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Ohanami

Build three gardens, but choose carefully which cards you add to them, as you can only add cards to each that are higher or lower than any card already played there.

From the designer of The Game and publisher Pandasaurus Games comes Ohanami, a light, easy-to-learn card game with plenty of intriguing choices and a clever scoring system.

Gameplay

The deck of 120 cards is shuffled and placed in the center of the table. Each card is one of four colors and has a number 1 through 120.

At the start of each round, each player is dealt ten cards. Players simultaneously select two cards and then pass the remaining cards to the player on their left in rounds one and three, and to the player on their right in round two. Each player then chooses what to do with their two cards. For each card, you may choose to add it to a column already in front of you or start a new column (you may only have a total of three columns during the game). Each column represents one of your gardens.

When adding a card to a column its number must either be lower than the lowest numbered card already in the garden or higher than the highest numbered card already in the garden. You do not have to add both cards to the same garden. If you cannot legally add one or both cards to your gardens, or choose not to, you may also discard one or both cards face-down to the discard pile.

Play continues in this way until all ten cards in each hand have been selected and played. The round ends and cards are scored, before dealing each player another ten cards and starting a new round. Cards stay in your garden from one round to another, and the game lasts three rounds.

During round one, only the blue cards in your garden score points. Blue cards are worth three points each. At the end of round two, only the blue and green cards score. Green cards are worth four points each. At the end of round three, all cards are scored. Grey cards are worth seven points each, and you earn a set amount of points for your pink cards based on how many you have across all your gardens. The player with the most points wins the game.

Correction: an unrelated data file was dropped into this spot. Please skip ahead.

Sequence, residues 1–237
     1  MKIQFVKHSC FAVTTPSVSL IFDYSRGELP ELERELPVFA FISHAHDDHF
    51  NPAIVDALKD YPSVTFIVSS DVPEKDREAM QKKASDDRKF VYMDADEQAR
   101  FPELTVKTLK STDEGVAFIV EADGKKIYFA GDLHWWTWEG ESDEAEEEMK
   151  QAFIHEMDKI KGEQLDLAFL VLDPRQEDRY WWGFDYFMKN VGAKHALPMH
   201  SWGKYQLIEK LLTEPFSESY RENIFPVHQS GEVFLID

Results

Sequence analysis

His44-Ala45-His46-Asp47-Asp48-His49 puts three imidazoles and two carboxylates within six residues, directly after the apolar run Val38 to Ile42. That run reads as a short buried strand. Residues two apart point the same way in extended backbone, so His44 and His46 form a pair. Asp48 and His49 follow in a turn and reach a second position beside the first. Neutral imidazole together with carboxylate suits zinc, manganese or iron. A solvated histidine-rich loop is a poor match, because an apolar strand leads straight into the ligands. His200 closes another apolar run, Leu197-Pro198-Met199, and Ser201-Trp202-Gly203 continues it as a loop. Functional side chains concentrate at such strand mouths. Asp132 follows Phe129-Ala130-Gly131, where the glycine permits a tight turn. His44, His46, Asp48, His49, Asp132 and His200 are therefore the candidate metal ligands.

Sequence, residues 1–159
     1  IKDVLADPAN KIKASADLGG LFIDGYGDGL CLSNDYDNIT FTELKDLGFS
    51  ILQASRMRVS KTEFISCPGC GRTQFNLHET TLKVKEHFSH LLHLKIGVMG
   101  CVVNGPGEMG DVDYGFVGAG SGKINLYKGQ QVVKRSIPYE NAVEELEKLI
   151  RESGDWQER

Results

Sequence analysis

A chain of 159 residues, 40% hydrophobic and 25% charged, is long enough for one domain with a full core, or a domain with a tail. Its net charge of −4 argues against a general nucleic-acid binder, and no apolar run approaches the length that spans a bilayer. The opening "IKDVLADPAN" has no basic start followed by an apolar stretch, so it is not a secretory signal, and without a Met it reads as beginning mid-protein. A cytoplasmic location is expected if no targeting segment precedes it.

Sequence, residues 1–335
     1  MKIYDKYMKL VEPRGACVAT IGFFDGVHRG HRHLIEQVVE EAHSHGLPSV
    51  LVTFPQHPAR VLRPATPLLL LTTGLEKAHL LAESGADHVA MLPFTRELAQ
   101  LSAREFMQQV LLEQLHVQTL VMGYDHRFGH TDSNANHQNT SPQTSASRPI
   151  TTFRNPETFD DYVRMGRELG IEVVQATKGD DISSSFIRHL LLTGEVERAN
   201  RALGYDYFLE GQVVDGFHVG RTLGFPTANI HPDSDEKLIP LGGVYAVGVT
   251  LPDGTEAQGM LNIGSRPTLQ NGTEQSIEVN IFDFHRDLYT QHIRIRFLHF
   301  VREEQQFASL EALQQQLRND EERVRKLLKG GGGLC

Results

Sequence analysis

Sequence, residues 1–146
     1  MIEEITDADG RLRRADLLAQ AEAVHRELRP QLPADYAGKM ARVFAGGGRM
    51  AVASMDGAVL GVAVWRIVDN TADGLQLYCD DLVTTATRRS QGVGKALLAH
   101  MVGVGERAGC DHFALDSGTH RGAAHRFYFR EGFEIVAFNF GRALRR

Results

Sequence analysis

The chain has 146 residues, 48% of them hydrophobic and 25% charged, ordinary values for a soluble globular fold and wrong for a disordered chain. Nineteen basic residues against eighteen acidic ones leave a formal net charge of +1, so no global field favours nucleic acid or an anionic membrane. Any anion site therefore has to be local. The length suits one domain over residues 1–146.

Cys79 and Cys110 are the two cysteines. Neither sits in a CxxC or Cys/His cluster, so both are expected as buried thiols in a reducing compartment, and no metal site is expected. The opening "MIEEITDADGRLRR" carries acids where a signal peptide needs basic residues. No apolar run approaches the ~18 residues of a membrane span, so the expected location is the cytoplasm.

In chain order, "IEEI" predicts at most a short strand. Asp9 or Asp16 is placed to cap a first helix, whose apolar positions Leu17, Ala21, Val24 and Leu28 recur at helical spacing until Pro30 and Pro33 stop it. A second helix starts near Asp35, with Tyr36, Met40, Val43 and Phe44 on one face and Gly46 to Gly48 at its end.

Ohanami Components

Review

Ohanami takes about two minutes to explain and is easy to set up and go, but the choices presented are intriguing. It shares some of the same puzzle elements as The Game while still feeling entirely like its own unique experience.

The scoring system is fantastic and adds extra elements to your choices each turn. Blue cards are worth the most points if you get them into your gardens on round one, but steadily become less valuable when added later. You also can’t simply add in all the blues that come your way during round one, as you have to keep an eye out for their numbers and what options will be left open to you during the later rounds. This all gives you several elements to balance each turn.

There's not too much direct player interaction in this game, however. You can keep an eye on what your opponents are doing in their gardens and draft cards to keep them out of their hands, but you have to be careful with this as you need to keep in mind your own garden and what numbers you have where. However, the ability to discard rather than use cards, does mean this is an option you can take when there’s nothing helpful to you in the cards you have to choose from.

The game is very compact and portable. It comes in a small, light box that makes it easy to pack and takes up minimal space. The cards are a nice quality and the artwork is pretty. For a game about gardens, we would have enjoyed art that was a little more enchanting, but this is likely to be subjective and the art is nice enough to look at.

Ohanami is thoroughly enjoyable, addictive to play, relaxing, and just a lovely experience. It’s a game you’re likely to want to play several times in a row, and the speed of turns and rounds ensures this is easy to do.

Pros: Great scoring system, intriguing choices on each turn

Cons: Minimal player interaction

Disclosure: we received a complimentary review copy of this game.